/Car Maintenance 101: When to Do Routine Checks

Car Maintenance 101: When to Do Routine Checks

Car Maintenance at Car Maintenance 101: When to Do Routine Checks

If you want to keep your vehicle in good shape, you have to take preventative maintenance seriously. You certainly don’t want to be driving a clunky machine that can put you and others in harm’s way.

Moreover, a properly maintained car retains its value. Indeed, even old-model cars can still fetch a high price tag if ever you want to resell in the future.

As long as you repair or replace parts when necessary and get components from a trusted auto parts supplier, your car will run smoothly for years. Getting high-quality car parts is a must because they fit better, last longer, and are much safer.

You should also have a regular car maintenance schedule. This way, you won’t get caught off-guard when something wrong does happen.

The main thing you have to consider is that different parts of your vehicle will get worn or damaged at different times and intervals.

Therefore, you have to know when to do routine checks for the most critical components. Here’s a simple car maintenance guide to know the best times to conduct inspections:

Tyres: Monthly

You need to check your tyres at least every month to make sure they’re properly inflated and reduce the risk of blowouts.

Visual inspections are great. Using a tyre pressure gauge is even better. For the best results, use a tyre pressure gauge with a .5 psi margin of error. Ideally, you should check the pressure and add air only when the tyres are cold (driven no more than 2 kilometres).

It’s best to memorise the correct tyre pressure for your vehicle. This information is also in the owner’s manual and on the driver-side door jamb.

You should also learn how to add air to your tyres in cases of emergencies. Don’t forget to check your spare tyres as well.

Engine Oil: Between 10,000 and 15,000 Kilometres

If you don’t change your engine oil and oil filter regularly, bits of carbon, dirt, and metal can get into the engine.

This will result in excessive and premature wear on the engine. Most car models nowadays use synthetic oils, which can last up to 15,000 kilometres.

However, if you’re somehow still using a car that runs on non-synthetic oil, you have to change it every 5,000 kilometres.

Air and Fuel Filters: Between 25,000 to 50,000 Kilometres

Your car’s air filter is like its lungs: the clearer the filter, the easier it is for your engine to “breathe.” It also prevents debris like dust and sand from getting into the engine. Ideally, you should change the air filter after about 25,000 kilometres.

However, you should replace it sooner if you drive in dusty and high-pollution environments.

Meanwhile, your fuel filter ensures that your engine will run smoothly.

If the fuel filter is clogged, your car’s engine will feel rough when you drive; sometimes, your car won’t start at all.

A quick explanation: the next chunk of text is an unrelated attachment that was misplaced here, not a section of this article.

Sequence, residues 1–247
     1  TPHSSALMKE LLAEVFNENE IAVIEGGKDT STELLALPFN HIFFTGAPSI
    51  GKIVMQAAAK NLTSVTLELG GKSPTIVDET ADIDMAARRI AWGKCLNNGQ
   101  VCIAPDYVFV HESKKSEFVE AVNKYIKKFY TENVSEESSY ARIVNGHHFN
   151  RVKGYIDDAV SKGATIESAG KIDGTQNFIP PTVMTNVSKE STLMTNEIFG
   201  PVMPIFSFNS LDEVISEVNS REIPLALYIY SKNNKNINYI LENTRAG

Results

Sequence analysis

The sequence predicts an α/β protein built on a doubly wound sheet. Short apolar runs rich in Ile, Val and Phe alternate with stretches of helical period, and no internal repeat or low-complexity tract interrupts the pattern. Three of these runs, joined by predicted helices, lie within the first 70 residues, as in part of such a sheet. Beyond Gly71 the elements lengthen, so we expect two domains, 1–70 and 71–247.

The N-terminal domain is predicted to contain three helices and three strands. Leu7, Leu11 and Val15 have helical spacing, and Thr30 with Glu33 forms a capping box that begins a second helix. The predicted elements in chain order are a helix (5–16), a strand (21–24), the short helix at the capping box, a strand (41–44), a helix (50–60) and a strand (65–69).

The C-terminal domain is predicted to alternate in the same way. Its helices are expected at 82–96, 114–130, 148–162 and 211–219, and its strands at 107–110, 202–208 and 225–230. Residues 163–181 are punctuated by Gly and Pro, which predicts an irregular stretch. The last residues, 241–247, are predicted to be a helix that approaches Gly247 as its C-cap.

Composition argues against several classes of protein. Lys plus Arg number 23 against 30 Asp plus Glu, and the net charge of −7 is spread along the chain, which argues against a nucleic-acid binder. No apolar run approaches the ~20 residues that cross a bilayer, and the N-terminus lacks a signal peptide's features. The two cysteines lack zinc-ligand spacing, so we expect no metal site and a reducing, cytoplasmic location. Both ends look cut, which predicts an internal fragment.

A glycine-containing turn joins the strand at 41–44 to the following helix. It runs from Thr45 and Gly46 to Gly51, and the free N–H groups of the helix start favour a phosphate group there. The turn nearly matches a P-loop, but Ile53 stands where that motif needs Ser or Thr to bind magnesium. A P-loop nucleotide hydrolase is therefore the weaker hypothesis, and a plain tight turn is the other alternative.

Most manufacturers recommend replacing the fuel filter after 50,000 kilometres. However, if you want to check the health of your fuel filter, it’s best to go to a mechanic and ask for a pressure test.

Brake Fluid: Between 32,000 and 72,000 Kilometres

Sometimes, your car’s brake fluid gets contaminated with water. When this happens, your brakes will feel “squishy.”

It can also affect the overall performance of your brakes. To maintain your vehicle’s brake systems, replace the brake fluid every 32,000 to 72,000 kilometres.

Check the owner’s manual for the manufacturer’s recommendations.

Brakes Pads and Rotors: 80,000 Kilometres

Your brake pads and rotors need replacement every 80,000 kilometres or so. This can either be shorter or longer depending on how often and how aggressively you drive.

Note that brake pads will wear down faster than the rotors. You’ll know when to replace them when you hear screeching sounds when you brake.

Meanwhile, the rotors should be replaced every 95,000 kilometres. You can have them resurfaced if you’re a little short on money, but this can be done only once.

Coolant: 90,000 Kilometres

You should replace your coolant every 90,000 kilometres, earlier if you notice your car overheating frequently. Your mechanic should flush the entire cooling system when they replace the coolant to ensure the best results.

Belts and Hoses: Before 90,000 Kilometres

To kick up your car maintenance checks up a notch, perform regular checks on the belts and hoses before you reach a 90,000-kilometre mileage.

These belts and hoses ensure the smooth operation of your engine, so check them for cracks, bulges, and warps and have them replaced when necessary.

Some of the other components you need to check in your car include the power steering fluid, spark plugs, and the transmission fluid.

For manual transmission cars, you’ll likely have to replace the transmission fluid sooner. You should also inspect the wipers so they don’t scratch the windshield and back window when you use them.

Car maintenance might sound complicated but it’s quite easy to learn with a bit of patience. Hopefully, this guide has helped give you a clearer picture of what you need to do to keep your car in good condition.

(CEO / Editor / Journalist) – Bruno is the owner and CEO of Motorward.com; he’s responsible for the entire team, editorial guidelines and publishing. Bruno has many years of experience in the auto industry, both managing automotive websites and contributing to the press.